France is cracking down on “hate speech”
Hate speech vs. free speech
This seems to be a disturbing development in the wake of the Charlie Hebdo killings:
France ordered prosecutors around the country to crack down on hate speech, anti-Semitism and those glorifying terrorism…
Authorities said 54 people had been arrested for hate speech and defending terrorism since terror attacks killed 20 people in Paris last week, including three gunmen…
Like many European countries, France has strong laws against hate speech, especially anti-Semitism in the wake of the Holocaust.
The Justice Ministry sent a letter to all French prosecutors and judges urging more aggressive tactics against racist or anti-Semitic speech or acts.
“Speech or acts“—there’s a big, big difference between the two. It is easier to justify criminalizing acts rather than speech—although of course it depends on what the speech is. To be legally actionable, the speech had better be the rough equivalent of yelling “fire” in a crowded auditorium.
Vandalism and violence are acts, as is joining or assisting a designated terrorist organization, and should be actionable. But none of that is mere speech. Freedom of speech means that we protect even speech we find offensive, and it seems contradictory for the French and other Europeans to champion the right of the Charlie Hebdo cartoonists to mock Mohammed but to later arrest this man for his jokes.
Ever since I covered the France 2 defamation trials in Paris many years ago (see this), I’ve noticed that the European attitude towards free speech is less free than ours (or at least, than ours used to be). European hate speech laws are one part of that difference.
Of course, it was Europe that experienced the horror of the Holocaust—and in many instances, including that of France, non-German Europeans significantly collaborated in facilitating those horrors. It’s understandable that most Europeans don’t want a repeat. But they are much closer to a repeat right now than the US is, despite the US’s realtive lack of hate speech laws.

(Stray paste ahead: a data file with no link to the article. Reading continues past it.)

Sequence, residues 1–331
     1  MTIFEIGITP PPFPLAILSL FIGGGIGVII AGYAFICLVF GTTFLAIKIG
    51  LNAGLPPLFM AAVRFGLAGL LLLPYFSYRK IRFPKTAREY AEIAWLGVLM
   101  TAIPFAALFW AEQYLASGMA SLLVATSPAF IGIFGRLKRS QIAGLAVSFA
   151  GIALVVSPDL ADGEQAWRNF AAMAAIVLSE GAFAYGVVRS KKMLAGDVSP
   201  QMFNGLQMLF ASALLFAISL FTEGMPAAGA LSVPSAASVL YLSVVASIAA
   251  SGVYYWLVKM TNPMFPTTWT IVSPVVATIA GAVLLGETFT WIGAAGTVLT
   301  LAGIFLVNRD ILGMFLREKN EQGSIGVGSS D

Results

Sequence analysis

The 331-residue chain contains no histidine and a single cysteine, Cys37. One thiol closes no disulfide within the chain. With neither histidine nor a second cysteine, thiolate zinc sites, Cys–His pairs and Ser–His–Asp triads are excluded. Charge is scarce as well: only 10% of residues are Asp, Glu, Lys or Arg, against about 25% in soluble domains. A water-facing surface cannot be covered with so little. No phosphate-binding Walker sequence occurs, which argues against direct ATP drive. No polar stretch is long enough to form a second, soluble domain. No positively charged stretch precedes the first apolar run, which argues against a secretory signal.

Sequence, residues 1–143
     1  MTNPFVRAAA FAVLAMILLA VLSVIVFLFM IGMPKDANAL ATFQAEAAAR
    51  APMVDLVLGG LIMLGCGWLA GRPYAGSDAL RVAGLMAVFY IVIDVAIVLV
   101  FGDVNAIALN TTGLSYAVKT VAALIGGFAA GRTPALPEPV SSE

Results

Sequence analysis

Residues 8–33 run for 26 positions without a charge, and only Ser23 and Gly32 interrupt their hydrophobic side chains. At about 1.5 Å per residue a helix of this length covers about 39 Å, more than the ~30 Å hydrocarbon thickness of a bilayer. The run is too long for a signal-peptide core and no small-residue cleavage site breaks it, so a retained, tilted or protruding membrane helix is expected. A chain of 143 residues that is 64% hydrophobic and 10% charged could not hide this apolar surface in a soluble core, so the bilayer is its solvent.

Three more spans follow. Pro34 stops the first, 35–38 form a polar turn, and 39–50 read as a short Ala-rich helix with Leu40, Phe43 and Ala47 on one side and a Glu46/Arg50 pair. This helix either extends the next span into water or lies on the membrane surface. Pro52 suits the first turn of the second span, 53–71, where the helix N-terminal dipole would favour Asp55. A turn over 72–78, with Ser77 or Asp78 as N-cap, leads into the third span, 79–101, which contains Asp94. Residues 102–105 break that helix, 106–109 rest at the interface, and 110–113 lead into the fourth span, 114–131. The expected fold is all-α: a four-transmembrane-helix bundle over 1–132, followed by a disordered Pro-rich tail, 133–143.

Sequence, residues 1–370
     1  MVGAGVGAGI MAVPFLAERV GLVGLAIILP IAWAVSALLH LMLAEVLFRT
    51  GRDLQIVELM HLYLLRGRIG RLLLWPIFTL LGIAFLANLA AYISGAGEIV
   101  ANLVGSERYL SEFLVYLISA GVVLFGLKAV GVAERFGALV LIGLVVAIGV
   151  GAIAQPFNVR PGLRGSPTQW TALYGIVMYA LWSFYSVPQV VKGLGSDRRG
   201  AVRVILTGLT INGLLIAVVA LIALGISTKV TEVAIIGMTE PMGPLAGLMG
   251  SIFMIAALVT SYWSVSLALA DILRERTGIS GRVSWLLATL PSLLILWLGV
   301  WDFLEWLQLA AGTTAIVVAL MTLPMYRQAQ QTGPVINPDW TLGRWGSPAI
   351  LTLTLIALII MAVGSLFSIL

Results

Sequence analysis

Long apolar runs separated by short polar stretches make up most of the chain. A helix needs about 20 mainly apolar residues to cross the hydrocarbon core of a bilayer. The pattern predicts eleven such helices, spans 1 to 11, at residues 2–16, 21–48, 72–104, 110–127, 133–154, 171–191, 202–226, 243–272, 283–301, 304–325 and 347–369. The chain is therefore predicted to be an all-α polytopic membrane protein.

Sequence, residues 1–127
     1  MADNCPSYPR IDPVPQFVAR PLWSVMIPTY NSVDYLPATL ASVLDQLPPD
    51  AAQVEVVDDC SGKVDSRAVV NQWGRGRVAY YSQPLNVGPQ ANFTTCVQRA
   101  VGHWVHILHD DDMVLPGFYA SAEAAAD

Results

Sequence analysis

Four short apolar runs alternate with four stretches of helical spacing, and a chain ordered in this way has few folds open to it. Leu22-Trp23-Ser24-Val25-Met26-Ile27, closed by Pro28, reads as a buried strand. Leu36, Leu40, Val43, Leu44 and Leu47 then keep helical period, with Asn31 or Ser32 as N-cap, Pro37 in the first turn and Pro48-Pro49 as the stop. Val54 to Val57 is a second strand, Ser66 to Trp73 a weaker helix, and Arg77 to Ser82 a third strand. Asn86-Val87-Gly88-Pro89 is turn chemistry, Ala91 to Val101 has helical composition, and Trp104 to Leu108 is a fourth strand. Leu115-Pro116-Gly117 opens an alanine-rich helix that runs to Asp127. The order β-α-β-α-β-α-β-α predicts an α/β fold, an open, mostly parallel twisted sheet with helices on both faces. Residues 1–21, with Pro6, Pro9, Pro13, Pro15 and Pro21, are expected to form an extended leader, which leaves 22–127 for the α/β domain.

[Neo-neocon is a writer with degrees in law and family therapy, who blogs at neo-neocon.]
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Hate speech disallowed … unless, of course, it is hate speech about the Jews …
“To be legally actionable, the speech had better be the rough equivalent of yelling “fire” in a crowded auditorium.”
Neo-neocon, please educate yourself about this quote. A first amendment lawyer can help:
Professor Thane Rosenbaum Deceptively Carries On The Tradition of Censorship-Cheerleading
Three Generations of a Hackneyed Apologia for Censorship Are Enough
It seems rather simple to me that in a region that murdered six million Jews, that hate speech against Jews would be a touchy subject.
The closest American equivalent would be slavery, behold, our touchy subject is race, descendents of slaves in particular.
I imagine it will be a few generations before this kind of thing fades.
Are they trying to get everyone to hate on the Jews or simply don’t know what to do?
As Tom Lehrer might say, everybody already hates the Jews.
And speaking of Lehrer, this seems to be International Brotherhood Week.
When the leaders from all over the world or so go to the City of Lights to hold hands?
Anyhow, I love Lehrer!
No, they are not. This is about making those who are preaching anti-Semitism in mosques accountable for their actions.
I think you are wrong in your interpretation in regard to what is acceptable.
Charlie Hebdo is a magazine. The cartoonists were lampooning everything including President Francoise Hollande, Catholics, Jews, Hindu, Buddhists and Muslims. Nothing was sacred. Sometimes they even lampooned the hypocrisy of the left… especially the hypocrisy of those who praised piss Christ… and so they created piss Mohammed. None of that is hateful.
What the French are honing in on, and rightfully so, are the Islamist preachers who preach hatred towards Jews and the west. They are also honing in on those who damage or bomb synagogues and mosques. It is equal opportunity.
This new push means that they are doing something about the rise of anti-Semitism. It does not stop at anti-Semitism but also those who preach hatred towards others.
Aussie, OK, I understand the distinction, but I just don’t find it meaningful. Should hurtful speech be legal only when clearly labeled “satire”?